UBS names group head to advance data push

Swiss bank is known to be exploring commercial potential of client data

UBS

In the latest evidence of banks expanding into the data business, UBS has named its head of research to a new role as group head of data analytics.

Juan-Luis Perez will retain his existing role as group head of research, adding the data analytics role on top. In that new capacity, he will report directly to Sergio Ermotti, the bank’s chief executive.

The role will cover the bank’s existing ‘Evidence Lab’ product, in which it undertakes custom analysis for its own analysts and sells alternative data, but UBS is also known to be exploring the idea of selling anonymised client data. 

An internal email from Ermotti announced the promotion on November 27: “As Group Head Research, Evidence Lab and Data Analytics, Juan-Luis and his team will be responsible for working across the group to understand business demands and will focus on co-ordinating, refining and scaling our efforts in order to meet these demands efficiently and effectively. He will leverage existing structures in the firm, but will drive focus and co-ordination on this critical topic.” It adds that Perez will focus on “collaboration and client-facing outcomes”.

UBS recently transferred its Evidence Lab from the bank’s research division to become a central repository for data services for all its investment banking businesses. In his expanded role, Perez will also “explore how this unit can be used to service all business divisions”, the email says.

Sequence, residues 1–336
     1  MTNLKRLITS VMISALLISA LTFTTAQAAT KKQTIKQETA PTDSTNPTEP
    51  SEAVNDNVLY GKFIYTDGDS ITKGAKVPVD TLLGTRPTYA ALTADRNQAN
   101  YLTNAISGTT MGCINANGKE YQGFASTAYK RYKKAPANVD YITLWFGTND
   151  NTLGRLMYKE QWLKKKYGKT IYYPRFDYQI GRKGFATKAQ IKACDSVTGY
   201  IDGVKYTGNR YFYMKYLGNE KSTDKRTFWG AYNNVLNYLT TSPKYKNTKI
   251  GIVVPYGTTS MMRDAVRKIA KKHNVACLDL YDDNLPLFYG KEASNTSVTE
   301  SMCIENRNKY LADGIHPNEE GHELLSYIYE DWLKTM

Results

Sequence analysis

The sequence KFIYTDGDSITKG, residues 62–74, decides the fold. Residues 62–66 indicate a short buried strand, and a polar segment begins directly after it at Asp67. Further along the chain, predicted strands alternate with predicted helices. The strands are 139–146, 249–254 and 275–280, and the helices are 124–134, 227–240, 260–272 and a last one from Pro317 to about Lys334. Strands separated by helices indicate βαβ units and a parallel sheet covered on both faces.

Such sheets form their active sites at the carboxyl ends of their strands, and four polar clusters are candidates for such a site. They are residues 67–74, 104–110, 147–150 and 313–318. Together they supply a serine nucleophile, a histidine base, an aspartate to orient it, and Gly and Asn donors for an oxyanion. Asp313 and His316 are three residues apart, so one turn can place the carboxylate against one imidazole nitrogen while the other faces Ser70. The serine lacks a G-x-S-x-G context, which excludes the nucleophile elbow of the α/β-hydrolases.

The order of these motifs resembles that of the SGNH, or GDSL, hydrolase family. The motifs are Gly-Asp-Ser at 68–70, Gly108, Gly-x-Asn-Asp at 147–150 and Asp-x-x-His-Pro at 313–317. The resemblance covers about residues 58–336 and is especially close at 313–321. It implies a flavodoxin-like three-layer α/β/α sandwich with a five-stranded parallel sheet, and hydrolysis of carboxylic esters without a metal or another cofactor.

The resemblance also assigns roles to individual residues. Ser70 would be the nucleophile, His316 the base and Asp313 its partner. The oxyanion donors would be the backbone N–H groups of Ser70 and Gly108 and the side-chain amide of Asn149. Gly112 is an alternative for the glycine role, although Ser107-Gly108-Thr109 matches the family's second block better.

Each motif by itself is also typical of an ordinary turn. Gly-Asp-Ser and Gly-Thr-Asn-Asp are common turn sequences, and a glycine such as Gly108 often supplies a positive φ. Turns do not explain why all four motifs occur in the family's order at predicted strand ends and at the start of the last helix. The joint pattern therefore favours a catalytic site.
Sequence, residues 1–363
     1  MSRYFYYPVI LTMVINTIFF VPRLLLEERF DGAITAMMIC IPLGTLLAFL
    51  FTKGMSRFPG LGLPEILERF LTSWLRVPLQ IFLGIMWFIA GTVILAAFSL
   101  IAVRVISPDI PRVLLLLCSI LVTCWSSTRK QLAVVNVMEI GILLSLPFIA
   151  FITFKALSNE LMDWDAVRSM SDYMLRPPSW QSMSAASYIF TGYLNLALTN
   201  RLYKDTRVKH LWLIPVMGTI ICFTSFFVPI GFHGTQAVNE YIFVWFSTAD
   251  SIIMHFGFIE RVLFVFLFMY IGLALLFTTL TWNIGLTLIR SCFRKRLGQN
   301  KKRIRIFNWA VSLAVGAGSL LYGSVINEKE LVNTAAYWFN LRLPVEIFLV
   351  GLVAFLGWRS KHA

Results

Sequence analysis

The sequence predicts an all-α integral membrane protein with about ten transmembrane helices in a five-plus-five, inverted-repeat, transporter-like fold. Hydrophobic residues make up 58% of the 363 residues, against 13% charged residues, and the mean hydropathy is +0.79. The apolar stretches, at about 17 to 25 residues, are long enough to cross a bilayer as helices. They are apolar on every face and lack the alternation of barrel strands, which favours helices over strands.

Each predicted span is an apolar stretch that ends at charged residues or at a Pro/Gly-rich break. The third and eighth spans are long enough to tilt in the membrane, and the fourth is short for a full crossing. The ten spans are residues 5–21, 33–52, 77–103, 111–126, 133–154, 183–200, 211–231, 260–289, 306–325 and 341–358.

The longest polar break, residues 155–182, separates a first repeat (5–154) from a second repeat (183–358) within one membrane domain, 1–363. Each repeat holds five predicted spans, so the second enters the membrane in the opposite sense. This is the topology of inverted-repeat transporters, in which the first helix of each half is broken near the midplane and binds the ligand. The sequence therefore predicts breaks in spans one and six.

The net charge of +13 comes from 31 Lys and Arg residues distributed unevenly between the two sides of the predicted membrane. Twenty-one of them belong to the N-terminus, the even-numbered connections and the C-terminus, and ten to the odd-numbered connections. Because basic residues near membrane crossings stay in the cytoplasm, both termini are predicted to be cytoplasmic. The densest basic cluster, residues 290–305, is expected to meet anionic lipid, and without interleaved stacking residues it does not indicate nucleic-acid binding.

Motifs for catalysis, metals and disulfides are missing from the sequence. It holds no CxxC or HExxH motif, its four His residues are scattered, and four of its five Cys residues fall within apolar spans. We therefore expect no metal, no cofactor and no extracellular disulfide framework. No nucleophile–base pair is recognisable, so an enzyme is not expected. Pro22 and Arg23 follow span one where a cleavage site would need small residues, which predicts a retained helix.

The promotion comes at a time when banks across the board are considering both how they make use of alternative data in their business and how they potentially monetise data they generate in-house.

Risk.net reported earlier this year that Goldman Sachs had put together a team selling data – including the bank’s own proprietary data – to clients. Goldman has declined to say what precise data that might include. But the wish list for bank data from investment managers is a long one.

Buy-siders are hungry for information on things like order flows, leverage and margin use, the duration and credit ratings of fixed income holdings, short interest data, historical data on volatility surfaces or credit default swap pricing, derivatives transactions data and positions exposure.

Risk.net also reported in September that banks, including Citi, Credit Suisse, JP Morgan, Morgan Stanley and UBS, were considering ways to monetise data generated from their own business, though none of the banks would confirm this at the time. 

Banks could make “tens of millions, maybe even hundreds of millions” of dollars from selling the information they generate in-house, Tammer Kamel, founder and chief of Quandl, a platform for alternative data, has said.

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